Calcium wave propagation in pancreatic acinar cells: functional interaction of inositol 1,4,5-trisphosphate receptors, ryanodine receptors, and mitochondria.

Straub SV, Giovannucci DR, Yule DI - J. Gen. Physiol. (2000)

Effect of ER Ca2+ store depletion on FCCP-induced [Ca2+]i increase. (A) Fura-2–loaded acinar cells were stimulated with CCh in nominally Ca2+-free bath solution. After initiation of [Ca2+]i oscillations, treatment with cyclopiazonic acid resulted in a substantial increase in [Ca2+]i resulting from depletion of the ER Ca2+ store. After the return of [Ca2+]i to basal levels, treatment with FCCP resulted in no significant increase in [Ca2+]i. (B) Stimulation of fura-2–loaded acinar cells with high doses of CCh in nominally Ca2+-free bath solution resulted in a substantial increase in [Ca2+]i and depletion of intracellular Ca2+ pools. After the return of [Ca2+]i to basal levels, removal and subsequent reapplication of CCh resulted in no additional [Ca2+]i increase. Treatment with FCCP after stimulation with high-dose agonist resulted in no significant [Ca2+]i increase.
© Copyright Policy
Related In: Results  -  Collection

Show All Figures
getmorefigures.php?uid=PMC2230627&req=5

Figure 2: Effect of ER Ca2+ store depletion on FCCP-induced [Ca2+]i increase. (A) Fura-2–loaded acinar cells were stimulated with CCh in nominally Ca2+-free bath solution. After initiation of [Ca2+]i oscillations, treatment with cyclopiazonic acid resulted in a substantial increase in [Ca2+]i resulting from depletion of the ER Ca2+ store. After the return of [Ca2+]i to basal levels, treatment with FCCP resulted in no significant increase in [Ca2+]i. (B) Stimulation of fura-2–loaded acinar cells with high doses of CCh in nominally Ca2+-free bath solution resulted in a substantial increase in [Ca2+]i and depletion of intracellular Ca2+ pools. After the return of [Ca2+]i to basal levels, removal and subsequent reapplication of CCh resulted in no additional [Ca2+]i increase. Treatment with FCCP after stimulation with high-dose agonist resulted in no significant [Ca2+]i increase.
Mentions: Because simple diffusion of Ca2+ in the absence of mitochondrial import is unlikely to account for the global Ca2+ rise evoked by low agonist concentrations, we investigated whether a regenerative Ca2+ release mechanism, dependent on internal stores, was involved. Treatment of fura-2–loaded acinar cells with the SERCA pump inhibitor cyclopiazonic acid after stimulation with an oscillatory dose of CCh resulted in a slow release of Ca2+ from endoplasmic reticulum (ER) stores, followed by inhibition of oscillations and a return of [Ca2+]i to basal levels (Fig. 2 A). Subsequent application of FCCP to depolarize mitochondria resulted in only a small increase in [Ca2+]i when compared with the increase obtained in the presence of an intact ER store (10 ± 6 vs. 207 ± 90 nM; n = 6). Similarly, stimulation with 0.1 mM CCh in nominally Ca2+-free bath solution resulted in a large increase in [Ca2+]i that returned to basal levels over the course of several minutes (Fig. 2 B). CCh was removed, and then reapplied to ensure that the ER store was depleted. Subsequent depolarization of mitochondria resulted in only a small [Ca2+]i increase (∼16 nM; n = 2). This data suggests that the enhanced Ca2+ release after mitochondrial depolarization was due predominantly to Ca2+ release from ER stores, and not from the mitochondria.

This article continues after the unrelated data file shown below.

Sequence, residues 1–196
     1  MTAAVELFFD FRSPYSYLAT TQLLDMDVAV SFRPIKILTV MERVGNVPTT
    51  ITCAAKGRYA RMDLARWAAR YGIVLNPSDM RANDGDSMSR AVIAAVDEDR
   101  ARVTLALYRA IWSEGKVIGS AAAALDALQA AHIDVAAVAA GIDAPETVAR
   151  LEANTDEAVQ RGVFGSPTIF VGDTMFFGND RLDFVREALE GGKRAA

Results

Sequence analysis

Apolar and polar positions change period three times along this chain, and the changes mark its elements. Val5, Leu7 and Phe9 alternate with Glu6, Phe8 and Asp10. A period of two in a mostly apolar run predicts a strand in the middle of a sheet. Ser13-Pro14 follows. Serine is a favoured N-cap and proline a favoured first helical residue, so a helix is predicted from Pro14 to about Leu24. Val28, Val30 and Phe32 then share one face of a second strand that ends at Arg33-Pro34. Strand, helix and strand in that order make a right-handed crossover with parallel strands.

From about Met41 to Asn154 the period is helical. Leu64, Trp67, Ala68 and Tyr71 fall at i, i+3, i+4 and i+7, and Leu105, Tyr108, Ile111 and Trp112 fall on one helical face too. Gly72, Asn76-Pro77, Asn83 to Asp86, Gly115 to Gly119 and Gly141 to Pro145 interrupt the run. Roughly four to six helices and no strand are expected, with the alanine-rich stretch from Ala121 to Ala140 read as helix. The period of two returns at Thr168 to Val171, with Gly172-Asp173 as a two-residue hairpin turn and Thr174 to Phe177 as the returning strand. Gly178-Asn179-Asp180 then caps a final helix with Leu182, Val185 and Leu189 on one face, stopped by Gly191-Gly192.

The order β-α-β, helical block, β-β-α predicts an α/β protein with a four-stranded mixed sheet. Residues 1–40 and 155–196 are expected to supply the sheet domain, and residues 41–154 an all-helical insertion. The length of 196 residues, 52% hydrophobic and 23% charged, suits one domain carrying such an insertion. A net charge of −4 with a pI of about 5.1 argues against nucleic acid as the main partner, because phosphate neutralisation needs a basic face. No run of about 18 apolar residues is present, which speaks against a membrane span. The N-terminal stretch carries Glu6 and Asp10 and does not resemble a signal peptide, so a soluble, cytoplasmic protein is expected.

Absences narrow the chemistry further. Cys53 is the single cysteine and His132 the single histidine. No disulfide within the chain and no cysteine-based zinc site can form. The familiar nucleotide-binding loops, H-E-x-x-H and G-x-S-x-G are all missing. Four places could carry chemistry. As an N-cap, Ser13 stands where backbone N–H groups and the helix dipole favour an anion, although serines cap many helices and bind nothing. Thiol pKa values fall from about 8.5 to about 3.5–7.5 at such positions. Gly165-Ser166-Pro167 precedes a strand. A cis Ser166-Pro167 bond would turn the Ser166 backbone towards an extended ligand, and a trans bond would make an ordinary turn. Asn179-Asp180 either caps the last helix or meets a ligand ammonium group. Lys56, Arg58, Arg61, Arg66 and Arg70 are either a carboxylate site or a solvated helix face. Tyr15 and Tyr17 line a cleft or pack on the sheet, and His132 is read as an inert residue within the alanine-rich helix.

Bottom Line: Similarly, "uncaging" of physiological [Ca(2+)](i) levels in whole-cell patch-clamped cells resulted in rapid activation of a Ca(2+)-activated current, the recovery of which was prolonged by inhibition of mitochondrial import.This effect was also abolished by ryanodine receptor (RyR) blockade.Global [Ca(2+)](i) rises initiated by InsP(3) were also reduced by ryanodine, limiting the increase to a region slightly larger than the trigger zone.

View Article: PubMed Central - PubMed

Affiliation: Department of Pharmacology and Physiology, University of Rochester, School of Medicine and Dentistry, Rochester, New York 14642, USA.

ABSTRACT
In pancreatic acinar cells, inositol 1,4,5-trisphosphate (InsP(3))-dependent cytosolic calcium ([Ca(2+)](i)) increases resulting from agonist stimulation are initiated in an apical "trigger zone," where the vast majority of InsP(3) receptors (InsP(3)R) are localized. At threshold stimulation, [Ca(2+)](i) signals are confined to this region, whereas at concentrations of agonists that optimally evoke secretion, a global Ca(2+) wave results. Simple diffusion of Ca(2+) from the trigger zone is unlikely to account for a global [Ca(2+)](i) elevation. Furthermore, mitochondrial import has been reported to limit Ca(2+) diffusion from the trigger zone. As such, there is no consensus as to how local [Ca(2+)](i) signals become global responses. This study therefore investigated the mechanism responsible for these events. Agonist-evoked [Ca(2+)](i) oscillations were converted to sustained [Ca(2+)](i) increases after inhibition of mitochondrial Ca(2+) import. These [Ca(2+)](i) increases were dependent on Ca(2+) release from the endoplasmic reticulum and were blocked by 100 microM ryanodine. Similarly, "uncaging" of physiological [Ca(2+)](i) levels in whole-cell patch-clamped cells resulted in rapid activation of a Ca(2+)-activated current, the recovery of which was prolonged by inhibition of mitochondrial import. This effect was also abolished by ryanodine receptor (RyR) blockade. Photolysis of d-myo InsP(3) P(4(5))-1-(2-nitrophenyl)-ethyl ester (caged InsP(3)) produced either apically localized or global [Ca(2+)](i) increases in a dose-dependent manner, as visualized by digital imaging. Mitochondrial inhibition permitted apically localized increases to propagate throughout the cell as a wave, but this propagation was inhibited by ryanodine and was not seen for minimal control responses resembling [Ca(2+)](i) puffs. Global [Ca(2+)](i) rises initiated by InsP(3) were also reduced by ryanodine, limiting the increase to a region slightly larger than the trigger zone. These data suggest that, while Ca(2+) release is initially triggered through InsP(3)R, release by RyRs is the dominant mechanism for propagating global waves. In addition, mitochondrial Ca(2+) import controls the spread of Ca(2+) throughout acinar cells by modulating RyR activation.

Show MeSH
Related in: MedlinePlus